Furthermore in 2017, the Arnprior site launched a pilot program to use sheep grazing for vegetation management. Chris Moore and partner Lyndsey Smith of Shady Creek Lamb Company brought 50 ewes to manage the growth of the vegetation around the panels. EDFR found that not only did sheep grazing the vegetation under the solar panels align with vegetation management needs, but it also provided a mutually beneficial and effective solution for local sheep farmers interested in expanding their flock without having to buy or rent additional land.  Shady Creek Lamb Co. now had an opportunity to be paid for grazing.  Now in 2022, after lambing on-site, 500 sheep can be seen roaming around from spring to fall.  Shady Creek Lamb Co. has benefitted from dual-use by having access to additional land allowing them to expand their flock, grow their business and produce grass fed free range lamb and fiber for local markets.

Overall, the implementation of apiaries, monarch habitats and sheep grazing at the Arnprior site help to conserve farmland and promote healthy ecosystem biodiversity.  The site continues to maintain and expand the biodiversity projects exemplifying dual-use/agrivoltaics as a win-win solution for EDFR, the solar and agricultural communities and businesses being supplied by the honey, lamb, wool and electricity.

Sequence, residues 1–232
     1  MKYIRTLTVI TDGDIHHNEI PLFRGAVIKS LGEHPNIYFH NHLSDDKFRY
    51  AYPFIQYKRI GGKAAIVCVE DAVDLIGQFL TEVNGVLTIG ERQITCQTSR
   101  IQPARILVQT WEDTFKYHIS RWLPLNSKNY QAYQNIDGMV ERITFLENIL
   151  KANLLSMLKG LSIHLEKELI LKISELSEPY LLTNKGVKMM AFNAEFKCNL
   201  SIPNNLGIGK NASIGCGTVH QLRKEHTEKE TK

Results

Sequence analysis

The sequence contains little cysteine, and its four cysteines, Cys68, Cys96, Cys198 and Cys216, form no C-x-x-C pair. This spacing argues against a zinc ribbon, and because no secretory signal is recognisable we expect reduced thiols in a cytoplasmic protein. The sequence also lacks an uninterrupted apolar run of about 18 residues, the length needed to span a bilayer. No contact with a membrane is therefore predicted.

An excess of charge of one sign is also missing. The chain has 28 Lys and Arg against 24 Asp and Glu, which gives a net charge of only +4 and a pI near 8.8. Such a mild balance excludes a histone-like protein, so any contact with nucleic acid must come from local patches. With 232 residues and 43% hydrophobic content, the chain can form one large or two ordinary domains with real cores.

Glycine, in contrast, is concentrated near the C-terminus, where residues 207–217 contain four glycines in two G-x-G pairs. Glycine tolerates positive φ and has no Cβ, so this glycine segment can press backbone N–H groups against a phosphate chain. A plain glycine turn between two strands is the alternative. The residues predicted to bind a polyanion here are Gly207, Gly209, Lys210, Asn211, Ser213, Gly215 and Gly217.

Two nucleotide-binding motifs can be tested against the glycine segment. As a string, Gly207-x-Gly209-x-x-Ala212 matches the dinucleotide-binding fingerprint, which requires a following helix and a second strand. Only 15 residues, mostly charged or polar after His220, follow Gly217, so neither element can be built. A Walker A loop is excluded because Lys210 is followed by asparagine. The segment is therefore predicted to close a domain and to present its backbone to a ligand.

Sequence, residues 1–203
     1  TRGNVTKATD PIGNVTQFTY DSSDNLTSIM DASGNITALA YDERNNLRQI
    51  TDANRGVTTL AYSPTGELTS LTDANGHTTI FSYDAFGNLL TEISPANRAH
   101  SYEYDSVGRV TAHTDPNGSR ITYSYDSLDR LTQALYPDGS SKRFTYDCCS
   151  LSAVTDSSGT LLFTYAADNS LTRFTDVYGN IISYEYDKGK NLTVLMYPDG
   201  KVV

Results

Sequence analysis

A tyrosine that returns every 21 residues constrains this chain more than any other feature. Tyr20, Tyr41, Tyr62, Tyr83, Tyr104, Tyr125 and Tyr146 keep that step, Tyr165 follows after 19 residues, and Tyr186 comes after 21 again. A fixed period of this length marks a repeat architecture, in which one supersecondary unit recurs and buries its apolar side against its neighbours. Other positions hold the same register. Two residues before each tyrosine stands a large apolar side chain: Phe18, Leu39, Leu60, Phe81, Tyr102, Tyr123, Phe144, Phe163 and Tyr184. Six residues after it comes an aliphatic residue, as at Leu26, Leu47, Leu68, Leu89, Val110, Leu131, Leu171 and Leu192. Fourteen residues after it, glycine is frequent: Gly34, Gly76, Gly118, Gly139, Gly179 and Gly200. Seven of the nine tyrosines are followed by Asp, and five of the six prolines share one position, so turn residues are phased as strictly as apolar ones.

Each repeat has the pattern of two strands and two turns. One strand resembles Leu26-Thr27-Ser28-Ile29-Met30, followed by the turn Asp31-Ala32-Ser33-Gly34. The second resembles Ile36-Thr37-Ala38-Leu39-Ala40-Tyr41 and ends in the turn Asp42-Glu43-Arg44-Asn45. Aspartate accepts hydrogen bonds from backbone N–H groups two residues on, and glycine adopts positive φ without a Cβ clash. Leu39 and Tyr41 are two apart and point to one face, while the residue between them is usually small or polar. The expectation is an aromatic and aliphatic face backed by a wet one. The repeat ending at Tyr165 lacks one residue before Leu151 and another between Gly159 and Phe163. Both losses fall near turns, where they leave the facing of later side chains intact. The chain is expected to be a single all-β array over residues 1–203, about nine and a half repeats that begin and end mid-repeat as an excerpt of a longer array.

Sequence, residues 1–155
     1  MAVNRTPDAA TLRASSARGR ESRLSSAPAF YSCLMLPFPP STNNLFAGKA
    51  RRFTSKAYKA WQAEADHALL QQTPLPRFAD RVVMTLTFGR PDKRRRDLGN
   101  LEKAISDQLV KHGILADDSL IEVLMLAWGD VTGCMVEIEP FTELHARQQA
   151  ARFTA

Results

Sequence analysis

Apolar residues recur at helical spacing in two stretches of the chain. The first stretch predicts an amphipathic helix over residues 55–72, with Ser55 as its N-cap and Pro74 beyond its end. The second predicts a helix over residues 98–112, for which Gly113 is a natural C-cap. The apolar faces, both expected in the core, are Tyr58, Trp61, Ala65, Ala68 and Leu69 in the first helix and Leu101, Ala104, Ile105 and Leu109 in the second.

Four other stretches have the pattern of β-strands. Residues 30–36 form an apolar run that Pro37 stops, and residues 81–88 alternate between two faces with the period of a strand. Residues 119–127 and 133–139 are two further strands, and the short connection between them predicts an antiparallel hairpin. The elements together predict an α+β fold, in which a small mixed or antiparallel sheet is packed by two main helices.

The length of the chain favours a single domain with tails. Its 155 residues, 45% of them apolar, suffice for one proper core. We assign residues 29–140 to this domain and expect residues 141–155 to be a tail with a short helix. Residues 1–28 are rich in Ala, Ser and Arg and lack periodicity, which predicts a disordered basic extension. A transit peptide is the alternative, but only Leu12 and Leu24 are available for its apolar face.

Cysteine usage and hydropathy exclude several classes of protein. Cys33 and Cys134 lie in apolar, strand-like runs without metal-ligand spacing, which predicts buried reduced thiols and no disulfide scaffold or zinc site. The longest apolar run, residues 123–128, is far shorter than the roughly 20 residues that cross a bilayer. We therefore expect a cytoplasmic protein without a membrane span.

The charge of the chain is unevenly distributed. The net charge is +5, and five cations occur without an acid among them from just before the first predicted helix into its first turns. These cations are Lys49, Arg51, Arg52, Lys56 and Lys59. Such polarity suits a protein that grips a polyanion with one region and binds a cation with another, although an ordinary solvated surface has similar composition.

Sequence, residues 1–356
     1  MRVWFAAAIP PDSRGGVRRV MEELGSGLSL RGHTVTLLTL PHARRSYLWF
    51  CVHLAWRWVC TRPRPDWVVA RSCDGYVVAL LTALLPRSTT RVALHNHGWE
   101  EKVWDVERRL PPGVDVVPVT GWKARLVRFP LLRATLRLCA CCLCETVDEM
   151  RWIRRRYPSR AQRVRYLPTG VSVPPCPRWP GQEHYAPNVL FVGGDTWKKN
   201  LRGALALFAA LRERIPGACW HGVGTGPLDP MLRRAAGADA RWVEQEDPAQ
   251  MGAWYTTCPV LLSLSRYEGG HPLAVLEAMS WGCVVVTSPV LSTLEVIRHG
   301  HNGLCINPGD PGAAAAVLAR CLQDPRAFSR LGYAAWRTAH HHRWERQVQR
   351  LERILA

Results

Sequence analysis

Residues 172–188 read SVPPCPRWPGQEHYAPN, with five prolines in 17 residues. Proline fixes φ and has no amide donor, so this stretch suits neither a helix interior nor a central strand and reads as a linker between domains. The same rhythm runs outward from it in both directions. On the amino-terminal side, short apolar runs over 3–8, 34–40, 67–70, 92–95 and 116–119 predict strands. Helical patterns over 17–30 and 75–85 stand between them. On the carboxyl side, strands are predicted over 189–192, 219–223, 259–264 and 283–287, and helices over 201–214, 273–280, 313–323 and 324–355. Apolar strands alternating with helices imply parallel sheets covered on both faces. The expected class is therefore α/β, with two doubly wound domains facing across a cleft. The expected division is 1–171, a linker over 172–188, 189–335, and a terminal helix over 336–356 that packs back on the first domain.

An ewe enjoys the shade of the solar array.
The flock is unaffected by the solar array

This thesis presents a case study of plant-pollinator interactions at a solar energy generation site in southwestern Oregon, a water-limited, dryland ecosystem. Results show no difference in visitation rates of insects to flowers located inside versus outside the solar array. These findings could prove useful when developing AgriSolar operations that include pollinators.

The article investigates the effects of solar arrays on plant composition, bloom timing and foraging behavior of pollinators from June to September (after peak bloom) in full shade plots and partial shade plots under solar panels as well as in full sun plots (controls) outside of the solar panels.